When Othello demands the “ocular proof,” Iago tells him that he has one. Iago mentions to Othello that he saw Cassio wiping his beard with the strawberry handkerchief without being conspicuous. For Othello, it can mean only one thing. If his wife offered their “token of love” to Cassio, she probably offered her body to him as well. At that moment, Othello calls for blood and revenge.
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The audience understands that for Othello, the handkerchief means more than it means for Desdemona. Her primary focus is Othello, and she does not need any external affirmation of their love for one another.
At the same time, Othello misplaces his love for Desdemona, and the object that supposes to represent their love becomes the proof of love itself in Othello’s mind. The strawberries that used to symbolize Desdemona’s virginity now serve as a symbol of her whoredom.
Two Stories of One Handkerchief
Othello gives two different stories about the origin of the handkerchief. He claims that an Egyptian gave it to his mother. He states:
“She told her, while she kept it
‘Twould make her amiable and subdue my father
Entirely to her love, but if she lost it
Or made gift of it, my father’s eye
Should hold her loathèd and his spirits should hunt.”
He believes that his mother used the handkerchief to control her husband, Othello’s father. She may have been so afraid to lose it because it would mean an end to their marriage.
Othello most probably made up this version of the origin of the handkerchief to test Desdemona. He wants his wife to tell him the truth about the whereabouts of the personal object. Desdemona is bothered by the story and lies to Othello for the first time. She says that the handkerchief is still with her.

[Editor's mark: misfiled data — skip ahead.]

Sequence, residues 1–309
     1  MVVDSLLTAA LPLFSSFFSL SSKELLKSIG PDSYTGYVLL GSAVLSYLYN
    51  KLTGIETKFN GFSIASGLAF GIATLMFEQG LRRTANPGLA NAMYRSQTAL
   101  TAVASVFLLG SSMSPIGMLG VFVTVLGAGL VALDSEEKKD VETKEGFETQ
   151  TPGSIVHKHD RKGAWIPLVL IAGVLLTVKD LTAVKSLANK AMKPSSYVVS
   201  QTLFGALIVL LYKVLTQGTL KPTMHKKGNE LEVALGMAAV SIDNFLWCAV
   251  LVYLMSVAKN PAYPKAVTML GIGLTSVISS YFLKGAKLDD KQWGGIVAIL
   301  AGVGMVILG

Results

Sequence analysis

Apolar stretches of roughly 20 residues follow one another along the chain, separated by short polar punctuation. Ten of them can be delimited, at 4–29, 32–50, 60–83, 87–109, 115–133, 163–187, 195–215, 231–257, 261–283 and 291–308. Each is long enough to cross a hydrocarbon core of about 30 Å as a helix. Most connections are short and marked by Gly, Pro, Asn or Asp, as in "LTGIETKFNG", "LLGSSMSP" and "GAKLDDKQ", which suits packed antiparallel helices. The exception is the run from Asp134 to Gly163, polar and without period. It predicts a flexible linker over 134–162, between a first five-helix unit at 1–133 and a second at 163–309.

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In European Medieval Literature, a handkerchief is a symbol of female favor. For Desdemona, it serves as a symbol of Othello’s love for her. However, usually, it would be a female who would give a handkerchief to the man she loves.
The audience gets two versions of what, according to Othello, is the history of the handkerchief. In Othello’s second story of how he got it, he says that his father had given it to his mother to prove his love. While earlier, he was telling that an Egyptian charmer had presented it to his mother.
After that, the couple never talks about the handkerchief until the deathbed scene. Being confronted by Othello, Desdemona explains that Cassio:
“Found it, then.
I never gave it to him.”
She did not lose the handkerchief, nor she gave it away.
Obviously, both stories cannot be accurate. Most probably, the second story is true. However, Othello’s attitude towards the handkerchief changed. He started believing that it has some magic powers.
In the beginning, when Desdemona offers the handkerchief to Othello, he rejects it. It shows that he does not think it has any magic powers. Later on, he believes that it is a charm against adultery. The transformation of the symbolic meaning of the handkerchief causes the shift of the story behind it.
Handkerchief as an Ocular Proof